Primary amenorrheas: normogonadotropic, hypogonadotropic, hypergonadotropic

Primary amenorrheas: normogonadotropic, hypogonadotropic, hypergonadotropic

Vincenzina Bruni 1 Orcid, Metella Dei Orcid

1 – University of Florence

2 – Endocrinologist gynecologist. Freelancer

Corresponding Author: Vincenzina Bruni

vbruni@unifi.it


DOI: 10.53146/lriog1202160

Abstract

Menarche is a critical cue of female sexual and reproductive health. Therefore, the absence of menses at appropriate age needs a competent evaluation. The article outlines the various pathogenesis behind the symptom of primary amenorrhea, starting from situations not related to endocrine disorders such as outflow tract obstruction or uterine underdevelopment. The diagnostic assessment in situations of hypogonadism is often a challenge for the clinician and may require successive rounds of investigation, especially in the differential diagnosis between pubertal delay and hypogonadotropic hypogonadism. An impaired development of the gonads is, for females, one of the leading causes of primary amenorrhea: understanding the genetics behind gonadal dysgenesis improves the ongoing care of the girl and the prediction of associated medical problems. Therapeutic options for these different situations will be the topic of a following review.

Keywords: primary amenorrhoea; constitutional pubertal delay, hypogonadotropic hypogonadism; functional hypogonadism; premature ovarian deficiency.


Available in LRIOG Nr.1 – 2022

e-ISSN: 1824-0283


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Sexual abuse: how to recognize symptoms and signs in a child and in an adolescent

Sexual abuse: how to recognize symptoms and signs in a child and in an adolescent
Vincenzina BruniOrcid, Metella DeiOrcid , Pina MertinoOrcid

1 – University of Florence

2 – Endocrinologist gynecologist. l. p. Florence

3 – Childhood and Adolescent Gynecology Operational Structure, University Hospital, Careggi Florence

Corresponding Author: Vincenzina Bruni

vbruni@unifi.it


DOI: 10.53146/lriog1202144

Abstract

Sexual abuse toward children and adolescents, i.e. the involvement of a child in sexual acts that she or he does not comprehend and cannot give consent to, is a common occurrence. The intervention in suspected sexual abuse is complex and requires an expert multidisciplinary team. A medical exami- nation is also mandatory, ideally by a professional who specialized in child sexual abuse evaluation, even if in chronic abuse clinical evidence is scanty. Sometimes a gynaecologist must suddenly face a disclosure of abuse or a suspect arising by a genital examination or by the unexpected finding of a sexually transmitted infection in a child. So it is important to know what to do and what to avoid.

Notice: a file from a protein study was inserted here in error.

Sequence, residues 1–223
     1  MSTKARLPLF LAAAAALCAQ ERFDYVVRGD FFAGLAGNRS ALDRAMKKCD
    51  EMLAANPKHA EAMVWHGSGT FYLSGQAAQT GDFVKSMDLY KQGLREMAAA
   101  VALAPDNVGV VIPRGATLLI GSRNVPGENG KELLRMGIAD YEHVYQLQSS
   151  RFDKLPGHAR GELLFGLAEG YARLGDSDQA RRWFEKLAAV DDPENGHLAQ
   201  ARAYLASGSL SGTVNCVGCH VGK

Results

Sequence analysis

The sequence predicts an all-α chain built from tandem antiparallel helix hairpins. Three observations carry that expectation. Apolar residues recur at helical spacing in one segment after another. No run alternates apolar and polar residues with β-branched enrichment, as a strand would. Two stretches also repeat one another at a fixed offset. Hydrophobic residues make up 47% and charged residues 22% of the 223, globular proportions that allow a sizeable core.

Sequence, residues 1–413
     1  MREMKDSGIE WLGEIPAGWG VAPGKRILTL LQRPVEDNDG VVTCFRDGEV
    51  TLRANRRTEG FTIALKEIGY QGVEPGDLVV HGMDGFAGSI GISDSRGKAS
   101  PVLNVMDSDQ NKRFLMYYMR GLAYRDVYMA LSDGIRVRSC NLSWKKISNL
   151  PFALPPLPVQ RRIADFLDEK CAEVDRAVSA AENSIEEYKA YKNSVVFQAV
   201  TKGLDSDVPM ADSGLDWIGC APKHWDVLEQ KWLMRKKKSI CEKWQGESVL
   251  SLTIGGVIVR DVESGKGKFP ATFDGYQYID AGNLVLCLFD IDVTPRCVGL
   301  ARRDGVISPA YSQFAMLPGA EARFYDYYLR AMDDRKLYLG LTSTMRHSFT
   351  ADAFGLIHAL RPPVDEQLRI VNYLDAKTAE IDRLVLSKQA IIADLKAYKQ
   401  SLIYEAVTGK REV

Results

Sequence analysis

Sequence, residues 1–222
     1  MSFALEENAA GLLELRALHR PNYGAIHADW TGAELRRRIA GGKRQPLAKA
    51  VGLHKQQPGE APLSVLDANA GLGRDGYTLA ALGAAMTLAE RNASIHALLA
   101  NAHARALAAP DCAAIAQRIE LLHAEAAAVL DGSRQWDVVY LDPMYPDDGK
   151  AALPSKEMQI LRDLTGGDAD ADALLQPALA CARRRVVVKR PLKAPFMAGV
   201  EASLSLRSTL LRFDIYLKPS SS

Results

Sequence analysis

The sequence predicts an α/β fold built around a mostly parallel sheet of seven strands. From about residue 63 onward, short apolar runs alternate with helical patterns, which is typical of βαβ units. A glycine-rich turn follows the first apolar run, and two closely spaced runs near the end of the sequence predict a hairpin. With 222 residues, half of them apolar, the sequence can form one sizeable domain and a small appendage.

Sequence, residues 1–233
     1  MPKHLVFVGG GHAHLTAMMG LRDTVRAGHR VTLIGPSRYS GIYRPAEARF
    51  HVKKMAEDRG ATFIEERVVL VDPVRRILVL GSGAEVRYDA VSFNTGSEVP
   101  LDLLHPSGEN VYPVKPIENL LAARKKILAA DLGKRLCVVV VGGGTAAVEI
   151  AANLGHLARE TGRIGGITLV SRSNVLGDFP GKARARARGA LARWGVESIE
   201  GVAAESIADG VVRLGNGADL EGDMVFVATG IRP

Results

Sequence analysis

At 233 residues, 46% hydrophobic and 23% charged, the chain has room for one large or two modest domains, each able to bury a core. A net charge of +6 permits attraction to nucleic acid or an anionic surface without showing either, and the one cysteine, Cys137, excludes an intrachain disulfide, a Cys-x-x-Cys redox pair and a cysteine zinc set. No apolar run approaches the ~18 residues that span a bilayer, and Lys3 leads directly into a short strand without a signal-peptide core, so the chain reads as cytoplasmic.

The article is a systematic description of the procedures validated by the in- ternational guidelines for performing a clinical examination in a child or in an adolescent when sexual abuse is suspected. We start with the documenta- tion of parents’ information and the registration of eventual child’s disclosu- re, with complete medical history and a thorough physical examination. The anogenital region examination is necessary to rule out injuries in cases of re- cent abuse and should be completed with tests for sexually transmitted infec- tions and the collection of forensic evidences. An adequate documentation of the findings, filling in a specific medical record and using photographs, is of paramount importance.

Keywords: sexual abuse; methodology of consultation for abuse; sexually transmitted infections in children.


Available in LRIOG Nr.4 – 2021

e-ISSN: 1824-0283


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